# Format and return results

out <- list(OR=OR, CI=c(CI.lower, CI.upper), conf.level=conf.level)

class(out) <- "OR"

return(out)

}

print.OR <- function(object) {

cat("Odds Ratio = ", object$OR, "\n", object$conf.level*100, "%

Confidence Interval = (",object$CI[1],", ",object$CI[2],")\n", sep="")

14 of 28

}

Attributes

Advanced Functions

Error Recovery

X <- matrix(c(189, 104, 10845, 10933), nrow=2,

dimnames=list("Treatment"=c("Placebo", "Aspirin"),

"Myocardial Infarction"=c("Yes", "No")))

# Original: results are always printed

> odds.ratio(X)

Odds Ratio = 1.832054

95% Confidence Interval = (1.440042, 2.330780)

> result <- odds.ratio(X)

Odds Ratio = 1.832054

95% Confidence Interval = (1.440042, 2.330780)

# Indicator: results printed only if quietly=FALSE

> odds.ratio.extraArg(X, quietly=FALSE)

Odds Ratio = 1.832054

95% Confidence Interval = (1.440042, 2.330780)

> result <- odds.ratio.extraArg(X, quietly=TRUE)

# OR Class: results printed if function call is not assigned

> odds.ratio.class(X)

Odds Ratio = 1.832054

95% Confidence Interval = (1.440042, 2.330780)

> result <- odds.ratio.class(X)

15 of 28

Attributes

Advanced Functions

Error Recovery

S4 classes and methods are created using functions in the methods

Information in S4 classes is organized into slots. Each slot is named and

Slots are one of the advantages of S4 classes. The class of the data in the

slot must match the class corresponding to the slot. For example, it is not

possible to have numeric data in a slot that is designated for character data.

setClass()

setMethod()

setGeneric()

new()

getClass()

getMethod()

getSlots()

@

validObject()

Create a new method

Create a new generic function

Generate a new object for a given class

Get the class definition

Get the method definition

Get the name and class of each slot

Get or replace the contents of a slot

Test the validity of an object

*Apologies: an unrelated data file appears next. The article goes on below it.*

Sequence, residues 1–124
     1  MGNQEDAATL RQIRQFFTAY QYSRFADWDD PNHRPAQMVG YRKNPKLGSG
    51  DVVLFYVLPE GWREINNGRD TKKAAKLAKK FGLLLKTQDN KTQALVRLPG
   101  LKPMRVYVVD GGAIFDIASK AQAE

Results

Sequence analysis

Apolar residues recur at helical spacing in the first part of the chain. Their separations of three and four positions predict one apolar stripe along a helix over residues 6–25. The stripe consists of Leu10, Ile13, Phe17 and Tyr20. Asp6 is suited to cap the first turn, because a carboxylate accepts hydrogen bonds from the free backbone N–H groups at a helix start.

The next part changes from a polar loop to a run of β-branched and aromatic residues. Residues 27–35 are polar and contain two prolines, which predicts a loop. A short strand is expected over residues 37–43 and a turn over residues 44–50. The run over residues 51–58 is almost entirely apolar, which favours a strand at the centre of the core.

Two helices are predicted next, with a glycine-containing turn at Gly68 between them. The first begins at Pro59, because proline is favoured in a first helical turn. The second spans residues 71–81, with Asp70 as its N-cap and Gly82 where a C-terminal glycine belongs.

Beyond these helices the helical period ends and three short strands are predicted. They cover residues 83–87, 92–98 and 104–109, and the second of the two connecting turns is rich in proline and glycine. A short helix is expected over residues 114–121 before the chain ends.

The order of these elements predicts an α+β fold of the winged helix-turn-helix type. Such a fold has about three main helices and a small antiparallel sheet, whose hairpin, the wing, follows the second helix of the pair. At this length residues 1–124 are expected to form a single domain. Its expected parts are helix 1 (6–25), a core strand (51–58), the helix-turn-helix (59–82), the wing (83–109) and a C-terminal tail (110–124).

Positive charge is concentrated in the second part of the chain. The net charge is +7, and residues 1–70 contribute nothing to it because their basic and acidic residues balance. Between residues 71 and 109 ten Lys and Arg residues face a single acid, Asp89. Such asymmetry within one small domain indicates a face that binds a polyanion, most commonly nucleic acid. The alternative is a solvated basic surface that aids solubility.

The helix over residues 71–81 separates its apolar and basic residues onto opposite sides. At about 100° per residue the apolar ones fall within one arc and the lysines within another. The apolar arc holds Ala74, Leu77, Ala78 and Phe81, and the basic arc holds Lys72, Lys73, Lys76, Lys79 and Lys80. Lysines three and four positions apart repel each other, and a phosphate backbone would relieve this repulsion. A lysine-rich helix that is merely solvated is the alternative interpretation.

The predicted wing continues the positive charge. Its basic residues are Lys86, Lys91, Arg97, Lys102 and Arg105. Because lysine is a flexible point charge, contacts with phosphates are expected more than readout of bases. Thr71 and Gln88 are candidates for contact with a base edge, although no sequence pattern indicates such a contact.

16 of 28

Attributes

Advanced Functions

Error Recovery

Create an S4 Class

To create a new S4 class,

setClass(Class, representation)

Center Name for the class

representation Named list of the slots and the corresponding classes

Use new() to generate a new object from a class

# Define an infant class

setClass("infant", representation(ID

= "numeric",

sex = "character",

data = "data.frame"))

getClass("infant")

getSlots("infant")

# Create an object of class infant

x <- new("infant", data=data.frame(age, male.wt, male.ht), sex="male", ID=1)

x@data

# The class of the data must match the class of the corresponding slot

# This is not the case with S3 classes, there we assume the class is right

y <- new("infant", data=data.frame(age, male.wt, male.ht), sex=1, ID="001")

17 of 28

Attributes

Advanced Functions

Error Recovery

Create S4 Methods

To create an S4 method,

f

signature

definition

Character string of the corresponding class

Function definition

setMethod(f = "show", signature = "infant",

definition = function(object) {

cat("ID =", object@ID, "\nSex =", object@sex, "\n")

print(object@data)

})

# Extract method

setMethod(f="[", signature="infant", definition=function(x,i,j) {x@data[i,j]})

# Replace method

setMethod(f = "[<-", signature = "infant",

definition = function(x,i,j,value) {

x@data[i,j] <- value

validObject(x)

return(x)

})

18 of 28

Attributes

Advanced Functions

Error Recovery

Validity

It is important that an object be valid. Slots help, but there maybe

checking method to the validity argument of setClass(). This method

should return TRUE if the object is valid and a description of the

non-validity otherwise.

# Check the validity of an infant object

validity.infant <- function(object) {

if(!all(sapply(object@data, is.numeric))) {

return("data not numeric")

} else return(TRUE)

}

setClass("infant",

representation(ID

= "numeric",

sex = "character",

data = "data.frame"),

validity=validity.infant)

x <- new("infant", data=data.frame(age, male.wt, male.ht), sex="male", ID=1)

z <- new("infant", data=data.frame(c("0mon"),c(49.99),c(3.53)), sex="male", ID=1)

19 of 28

Attributes

Advanced Functions

Error Recovery

Inheritance

Possible to create a new class that extends the first class. That is, create a

new class that contains all of the information from the existing class, plus

additional slots.

Methods defined for the contained class can also be used for the new class.

Validity requirements of the contained class also apply to the new class.

Use the argument contains in setClass() to set a superclass. Set

contains equal to a character string of the name of the class being extend.

20 of 28

Attributes

Advanced Functions

Error Recovery

Inheritance